We’re familiar with what a tree looks like aboveground, but the underground part of a tree is just as important. The roots are often the “root” of tree health, failure, and longevity. Urban tree roots are highly influenced by the urban environment, which often consists of compacted, small soil volumes. But tree roots can also be partially determined by genetics. Understanding the 3 types of root systems trees have can help you take care of your tree or select the best tree for your property!
Before we dive into root systems, it helps to know the 5 basic types of tree roots and their function. These are the most common root types in temperate climate trees.
- Tap roots: Every tree starts with a tap root that provides stability and absorption. Over time, other roots outgrow the taproot. Most taproots don’t continue to grow ever more deeply because deep soils lack the oxygen and nutrients that roots need to survive.
- Lateral roots: Lateral roots grow outwards right under the soil surface. They absorb a lot of water and nutrients as well as anchoring the tree.
- Oblique/heart roots: Oblique roots, also known as heart roots, grow at a diagonal and have the same function as lateral roots.
- Sinker roots: Sinker roots grow downwards from the lateral roots to a depth of several feet. There, lateral roots take advantage of any water and nutrients deeper in the soil in addition to increasing tree stability.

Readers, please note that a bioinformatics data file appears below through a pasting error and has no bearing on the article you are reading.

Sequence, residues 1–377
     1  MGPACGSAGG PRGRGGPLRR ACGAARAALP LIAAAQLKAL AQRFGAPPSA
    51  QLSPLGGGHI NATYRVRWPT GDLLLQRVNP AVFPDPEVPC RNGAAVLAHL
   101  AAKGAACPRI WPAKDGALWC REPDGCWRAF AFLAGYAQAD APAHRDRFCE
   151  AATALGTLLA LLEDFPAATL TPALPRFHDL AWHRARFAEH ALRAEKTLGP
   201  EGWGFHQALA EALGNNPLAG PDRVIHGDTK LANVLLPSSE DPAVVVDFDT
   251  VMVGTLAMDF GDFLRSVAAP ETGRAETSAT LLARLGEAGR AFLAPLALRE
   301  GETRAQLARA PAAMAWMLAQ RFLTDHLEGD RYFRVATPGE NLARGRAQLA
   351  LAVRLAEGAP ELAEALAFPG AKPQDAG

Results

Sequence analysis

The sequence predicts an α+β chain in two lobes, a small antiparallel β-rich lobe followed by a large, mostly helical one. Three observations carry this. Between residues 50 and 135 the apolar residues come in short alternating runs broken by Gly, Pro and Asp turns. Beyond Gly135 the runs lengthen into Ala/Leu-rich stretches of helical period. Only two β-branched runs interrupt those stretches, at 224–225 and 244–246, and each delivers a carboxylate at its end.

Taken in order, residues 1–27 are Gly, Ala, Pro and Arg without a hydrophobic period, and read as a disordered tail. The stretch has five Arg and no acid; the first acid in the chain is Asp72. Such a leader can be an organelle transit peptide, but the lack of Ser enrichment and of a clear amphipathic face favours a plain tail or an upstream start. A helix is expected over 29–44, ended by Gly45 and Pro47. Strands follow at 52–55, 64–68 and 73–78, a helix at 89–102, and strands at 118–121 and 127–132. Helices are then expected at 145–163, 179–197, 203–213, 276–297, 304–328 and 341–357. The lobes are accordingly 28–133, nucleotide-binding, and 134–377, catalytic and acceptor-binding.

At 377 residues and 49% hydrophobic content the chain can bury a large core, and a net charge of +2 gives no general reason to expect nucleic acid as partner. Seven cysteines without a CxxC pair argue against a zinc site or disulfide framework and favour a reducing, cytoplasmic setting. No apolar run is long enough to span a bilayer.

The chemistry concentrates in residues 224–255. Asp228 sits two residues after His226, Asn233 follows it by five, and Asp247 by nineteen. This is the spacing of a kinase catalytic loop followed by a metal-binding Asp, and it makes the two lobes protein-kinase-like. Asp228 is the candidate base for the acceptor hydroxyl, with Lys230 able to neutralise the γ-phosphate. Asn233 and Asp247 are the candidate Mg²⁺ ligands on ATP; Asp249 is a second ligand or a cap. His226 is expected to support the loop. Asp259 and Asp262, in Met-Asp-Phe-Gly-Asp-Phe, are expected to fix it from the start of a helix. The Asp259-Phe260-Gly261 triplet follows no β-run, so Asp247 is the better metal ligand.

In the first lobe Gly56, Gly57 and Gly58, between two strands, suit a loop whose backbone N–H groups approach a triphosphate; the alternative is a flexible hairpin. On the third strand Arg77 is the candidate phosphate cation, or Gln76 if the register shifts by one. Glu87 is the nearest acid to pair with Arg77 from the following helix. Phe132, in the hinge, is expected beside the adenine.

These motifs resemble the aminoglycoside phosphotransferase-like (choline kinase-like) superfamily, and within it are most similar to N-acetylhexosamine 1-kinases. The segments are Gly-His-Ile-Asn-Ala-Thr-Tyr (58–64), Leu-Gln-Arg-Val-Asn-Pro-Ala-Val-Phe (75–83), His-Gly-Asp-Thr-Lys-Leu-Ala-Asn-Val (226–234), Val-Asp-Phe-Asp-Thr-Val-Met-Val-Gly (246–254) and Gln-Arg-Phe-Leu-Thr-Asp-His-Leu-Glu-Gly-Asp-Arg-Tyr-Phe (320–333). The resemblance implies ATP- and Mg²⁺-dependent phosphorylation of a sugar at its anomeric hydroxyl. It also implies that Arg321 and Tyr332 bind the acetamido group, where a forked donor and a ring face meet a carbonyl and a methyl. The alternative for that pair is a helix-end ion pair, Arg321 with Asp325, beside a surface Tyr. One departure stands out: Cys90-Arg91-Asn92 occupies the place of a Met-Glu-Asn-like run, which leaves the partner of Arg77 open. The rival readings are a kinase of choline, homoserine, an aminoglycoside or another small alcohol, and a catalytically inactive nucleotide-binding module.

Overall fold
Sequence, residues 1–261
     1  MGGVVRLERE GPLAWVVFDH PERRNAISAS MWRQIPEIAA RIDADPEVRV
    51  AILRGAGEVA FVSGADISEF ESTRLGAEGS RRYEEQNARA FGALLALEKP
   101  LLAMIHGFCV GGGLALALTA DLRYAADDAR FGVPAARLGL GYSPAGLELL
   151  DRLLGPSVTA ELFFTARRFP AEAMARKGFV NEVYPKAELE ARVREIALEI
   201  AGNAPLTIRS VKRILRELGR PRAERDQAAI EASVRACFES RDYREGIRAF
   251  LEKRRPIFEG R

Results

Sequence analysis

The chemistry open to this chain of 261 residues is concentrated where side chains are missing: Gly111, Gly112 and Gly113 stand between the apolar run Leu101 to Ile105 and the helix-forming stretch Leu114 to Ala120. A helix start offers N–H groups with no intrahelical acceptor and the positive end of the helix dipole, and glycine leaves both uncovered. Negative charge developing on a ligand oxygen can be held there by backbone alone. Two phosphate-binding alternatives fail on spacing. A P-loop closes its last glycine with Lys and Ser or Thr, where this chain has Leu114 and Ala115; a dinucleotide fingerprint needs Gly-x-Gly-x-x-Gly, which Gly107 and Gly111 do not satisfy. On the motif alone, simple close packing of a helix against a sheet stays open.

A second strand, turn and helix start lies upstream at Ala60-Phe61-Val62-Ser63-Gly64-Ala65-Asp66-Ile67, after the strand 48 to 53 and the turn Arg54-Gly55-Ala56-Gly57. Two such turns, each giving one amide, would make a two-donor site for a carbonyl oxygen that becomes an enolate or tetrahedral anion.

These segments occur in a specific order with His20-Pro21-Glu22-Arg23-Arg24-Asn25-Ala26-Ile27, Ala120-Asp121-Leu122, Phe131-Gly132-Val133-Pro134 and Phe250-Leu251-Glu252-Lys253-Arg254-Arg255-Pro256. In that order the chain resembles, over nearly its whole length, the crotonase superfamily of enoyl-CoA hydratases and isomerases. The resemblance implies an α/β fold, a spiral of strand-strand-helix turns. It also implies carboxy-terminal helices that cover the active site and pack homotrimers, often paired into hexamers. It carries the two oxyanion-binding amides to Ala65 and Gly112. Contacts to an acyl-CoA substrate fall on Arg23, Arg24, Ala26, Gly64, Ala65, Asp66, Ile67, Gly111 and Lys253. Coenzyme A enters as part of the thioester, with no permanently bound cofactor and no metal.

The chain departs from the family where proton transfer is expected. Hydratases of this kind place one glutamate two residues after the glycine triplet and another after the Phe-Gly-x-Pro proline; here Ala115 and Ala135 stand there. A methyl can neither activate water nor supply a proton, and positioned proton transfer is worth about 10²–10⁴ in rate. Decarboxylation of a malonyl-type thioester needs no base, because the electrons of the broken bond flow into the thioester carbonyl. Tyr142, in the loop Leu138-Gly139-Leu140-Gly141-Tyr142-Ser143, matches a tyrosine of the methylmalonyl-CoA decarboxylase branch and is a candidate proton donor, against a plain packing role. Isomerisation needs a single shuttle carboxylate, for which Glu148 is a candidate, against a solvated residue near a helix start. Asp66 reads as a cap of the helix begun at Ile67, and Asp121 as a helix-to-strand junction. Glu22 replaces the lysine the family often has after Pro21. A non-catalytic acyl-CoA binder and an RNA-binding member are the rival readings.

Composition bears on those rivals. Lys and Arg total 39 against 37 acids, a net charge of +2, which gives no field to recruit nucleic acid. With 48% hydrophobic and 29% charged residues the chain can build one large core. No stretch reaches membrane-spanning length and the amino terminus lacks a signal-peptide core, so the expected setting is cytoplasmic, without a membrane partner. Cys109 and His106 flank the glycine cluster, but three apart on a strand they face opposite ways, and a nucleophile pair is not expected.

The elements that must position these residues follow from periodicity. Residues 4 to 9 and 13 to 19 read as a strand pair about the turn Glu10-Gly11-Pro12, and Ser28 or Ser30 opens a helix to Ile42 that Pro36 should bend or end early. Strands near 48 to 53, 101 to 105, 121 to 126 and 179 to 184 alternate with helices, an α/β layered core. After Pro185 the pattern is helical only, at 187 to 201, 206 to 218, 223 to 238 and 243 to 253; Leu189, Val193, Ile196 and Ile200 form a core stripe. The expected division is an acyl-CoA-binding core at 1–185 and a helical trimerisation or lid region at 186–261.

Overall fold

- Fine roots: All the root types aforesaid can give rise to fine roots, which is where water and nutrients are directly absorbed. They also house mycorrhizae, which are fungal partnerships that increase root absorption capacity.
3 Types of Root Systems
Each root system below is defined or dominated by one root type, hence their names. Some tree species are more likely to have one root system than another, but keep in mind that site conditions are just as important. Most urban trees have lateral root systems due to shallow topsoil layers and frequent, shallow irrigation.
Dominated By: Tap root.
Stability: Tap root systems are very stable, but extremely rare in mature trees.
Common Species: Some oaks and pines, hickory, sweet gum, tupelo, walnut.
Lateral Root System
Dominated By: Lateral roots.
Stability: Lateral root systems obtain their stability from tree weight and root spread. These root systems don’t necessarily have a lot of root mass, but because the roots are so widespread, the tree can be supported without investing so much in roots. About 80% of tree species and most urban trees have lateral root systems.
Common Species: Ash, birch, cottonwood, hackberry, maple.
Heart (aka Oblique) Root System
Dominated By: Heart (aka oblique) roots.
Stability: Heart root systems obtain their stability from root ball weight and soil resistance. The tree is held up by the weight of its root ball counteracting the weight of its aboveground parts and the strength of the soil around it. Heart root systems are prone to failure in wet soils. Once the soil is wet, wind and gravity can make the tree rotate in the ground, much like a ball-and-socket joint.
Common Species: Honey locust, red oak, sycamore. More common in Mediterranean and arid climates.